As a general rule going one or two sizes narrower than stock is a good idea for a snow tire. Changing the profile to maintain the overall tire diameter to compensate for the change in width is a good idea as well. This will allow you to maintain your speedometer's accuracy. Check out the Tire Rack.com. You can find a wealth of information on their web site which should prove helpful. Good Luck

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Doc John
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Report this Post10-15-2007 09:10 PM Click Here to See the Profile for Doc JohnSend a Private Message to Doc JohnDirect Link to This Post
Years ago I had four 195/70R14 studded Dunlops on my Fiero - really good snow traction, fair on ice (you could still spin it if you tried). IF they are legal where you drive, you might want to consider studded tires.
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timgray
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Report this Post10-15-2007 09:48 PM Click Here to See the Profile for timgrayClick Here to visit timgray's HomePageClick Here to Email timgraySend a Private Message to timgrayDirect Link to This Post
trhe more slashes in the tire the better. if it looks like someone went nuts and slashed the tire ever 1/4 an inch across the tread that is what you want. If you stick to roads you'll never be in the deep loose stuff that huge lugs are good for, most of the time you will need traction where the dummies with their bald tires turn the intersection to ice by sliding or spinning their tires, that is where a crapload of sipes on the tire help huge.



Look close at the tire image. a ton of little cuts. These are goodyear eagle ultra. With them I can go places 4wd SUV's have trouble. I've also climbed a steep hill covered in ice.

traction is 80% tires.

[This message has been edited by timgray (edited 10-15-2007).]

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tayne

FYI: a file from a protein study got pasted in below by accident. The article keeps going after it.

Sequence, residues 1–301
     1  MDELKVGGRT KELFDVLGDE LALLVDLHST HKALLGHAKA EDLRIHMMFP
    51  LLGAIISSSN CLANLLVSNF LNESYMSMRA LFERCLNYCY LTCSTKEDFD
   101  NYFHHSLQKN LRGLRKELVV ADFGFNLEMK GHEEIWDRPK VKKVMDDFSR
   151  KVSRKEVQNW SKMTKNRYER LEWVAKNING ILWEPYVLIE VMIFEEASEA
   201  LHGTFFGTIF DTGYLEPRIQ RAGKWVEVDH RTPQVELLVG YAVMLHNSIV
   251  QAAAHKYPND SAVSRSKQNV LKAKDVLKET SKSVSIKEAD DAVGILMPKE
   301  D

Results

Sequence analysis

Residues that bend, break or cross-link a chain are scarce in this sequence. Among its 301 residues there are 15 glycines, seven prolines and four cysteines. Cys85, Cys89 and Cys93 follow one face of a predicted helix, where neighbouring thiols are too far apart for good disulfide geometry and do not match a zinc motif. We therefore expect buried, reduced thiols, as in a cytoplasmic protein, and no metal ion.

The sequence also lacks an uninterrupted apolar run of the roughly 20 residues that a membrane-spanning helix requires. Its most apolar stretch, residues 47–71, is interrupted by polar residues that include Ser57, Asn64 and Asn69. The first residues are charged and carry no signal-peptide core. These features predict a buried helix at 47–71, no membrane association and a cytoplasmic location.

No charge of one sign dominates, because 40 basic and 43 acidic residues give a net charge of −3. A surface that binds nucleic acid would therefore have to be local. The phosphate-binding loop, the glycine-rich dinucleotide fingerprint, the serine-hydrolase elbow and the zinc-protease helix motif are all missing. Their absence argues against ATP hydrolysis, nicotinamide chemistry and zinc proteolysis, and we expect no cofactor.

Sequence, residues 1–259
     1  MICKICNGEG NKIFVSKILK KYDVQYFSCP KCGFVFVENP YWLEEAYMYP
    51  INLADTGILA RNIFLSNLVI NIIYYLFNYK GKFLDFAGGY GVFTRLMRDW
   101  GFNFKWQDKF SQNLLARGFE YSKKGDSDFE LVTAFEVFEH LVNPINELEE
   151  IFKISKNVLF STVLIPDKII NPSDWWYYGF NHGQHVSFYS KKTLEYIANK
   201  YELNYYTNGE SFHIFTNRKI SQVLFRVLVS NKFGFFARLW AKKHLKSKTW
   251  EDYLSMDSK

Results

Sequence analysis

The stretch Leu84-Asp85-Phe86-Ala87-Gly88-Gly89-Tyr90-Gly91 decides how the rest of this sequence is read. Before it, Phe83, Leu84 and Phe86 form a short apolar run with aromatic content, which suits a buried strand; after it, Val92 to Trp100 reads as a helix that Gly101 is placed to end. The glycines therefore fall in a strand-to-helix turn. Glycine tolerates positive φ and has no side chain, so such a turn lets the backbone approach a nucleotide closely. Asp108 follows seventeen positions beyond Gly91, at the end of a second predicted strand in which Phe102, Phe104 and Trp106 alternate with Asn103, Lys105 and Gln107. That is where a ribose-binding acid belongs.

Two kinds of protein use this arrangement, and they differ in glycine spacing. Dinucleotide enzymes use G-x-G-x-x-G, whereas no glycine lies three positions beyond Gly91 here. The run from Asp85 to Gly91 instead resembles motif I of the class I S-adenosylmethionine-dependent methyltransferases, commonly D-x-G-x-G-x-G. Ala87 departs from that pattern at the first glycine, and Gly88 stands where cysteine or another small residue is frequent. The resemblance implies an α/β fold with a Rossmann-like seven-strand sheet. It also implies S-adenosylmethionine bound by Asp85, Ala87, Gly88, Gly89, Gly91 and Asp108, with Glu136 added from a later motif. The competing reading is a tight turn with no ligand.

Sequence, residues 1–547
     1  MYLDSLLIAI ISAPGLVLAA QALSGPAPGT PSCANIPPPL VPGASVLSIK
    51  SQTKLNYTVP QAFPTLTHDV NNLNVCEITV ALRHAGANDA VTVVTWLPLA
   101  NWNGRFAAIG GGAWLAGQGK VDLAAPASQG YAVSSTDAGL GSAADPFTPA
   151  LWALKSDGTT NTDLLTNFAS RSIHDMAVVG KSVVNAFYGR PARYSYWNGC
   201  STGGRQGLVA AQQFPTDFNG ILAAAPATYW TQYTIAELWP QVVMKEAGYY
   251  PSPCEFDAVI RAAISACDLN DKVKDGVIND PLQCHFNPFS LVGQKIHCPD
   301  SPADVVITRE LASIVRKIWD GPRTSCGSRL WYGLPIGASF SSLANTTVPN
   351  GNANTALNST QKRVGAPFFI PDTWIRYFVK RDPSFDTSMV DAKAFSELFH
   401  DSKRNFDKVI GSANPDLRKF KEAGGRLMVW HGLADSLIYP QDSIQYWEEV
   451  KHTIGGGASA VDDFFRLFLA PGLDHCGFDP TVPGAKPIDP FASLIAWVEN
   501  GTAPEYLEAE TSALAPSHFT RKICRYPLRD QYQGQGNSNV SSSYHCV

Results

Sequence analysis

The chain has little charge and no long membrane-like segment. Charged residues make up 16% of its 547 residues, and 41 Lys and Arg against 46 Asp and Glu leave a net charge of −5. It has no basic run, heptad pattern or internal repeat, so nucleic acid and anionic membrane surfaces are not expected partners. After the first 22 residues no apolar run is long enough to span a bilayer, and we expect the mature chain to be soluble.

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Report this Post10-15-2007 10:40 PM Click Here to See the Profile for tayneClick Here to Email tayneSend a Private Message to tayneDirect Link to This Post
This might be a stupid question....do you need all 4 or mostly the rear?
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swisscheese
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Report this Post10-16-2007 01:39 AM Click Here to See the Profile for swisscheeseClick Here to visit swisscheese's HomePageSend a Private Message to swisscheeseDirect Link to This Post
 
quote
Originally posted by tayne:

This might be a stupid question....do you need all 4 or mostly the rear?


You don't want to have summer tires at all in winter. (well, depends on the quality of winter )

Winter tires are superior when temps go lower than 7C / 45F because of their rubber mixture.

[This message has been edited by swisscheese (edited 10-16-2007).]

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timgray
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Report this Post10-16-2007 08:01 AM Click Here to See the Profile for timgrayClick Here to visit timgray's HomePageClick Here to Email timgraySend a Private Message to timgrayDirect Link to This Post
If all you want to do is go forward and don't care about steering, winter only in the back. If you want to steer and not care about being able to go forward, winter only in the front.

Pick one of the above or choose to do both and get all 4 tires. and no, putting good tires on the left side only will not work.
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kinboyatuwo
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Report this Post10-16-2007 11:20 AM Click Here to See the Profile for kinboyatuwoClick Here to Email kinboyatuwoSend a Private Message to kinboyatuwoDirect Link to This Post
 
quote
Originally posted by Arns85GT:

A slightly narrower tire for winter is a good idea. I always perfer big nobby tires in winter, however, there have been some really good advancements in recent years.

You will likely want the same circumference, so go to http://www.fieroshop.com.au/tyrecalculator/ and check your size required in the higher aspect ratio.

Good luck and see you on the 28th

Arn


First off thanks all. That is about what I was thinking.

Second, Arn, Can't be there I have search and rescue training that weekend and there is no way out of it. I will see you in the spring for sure though! Chances are you will see my car around this winter though!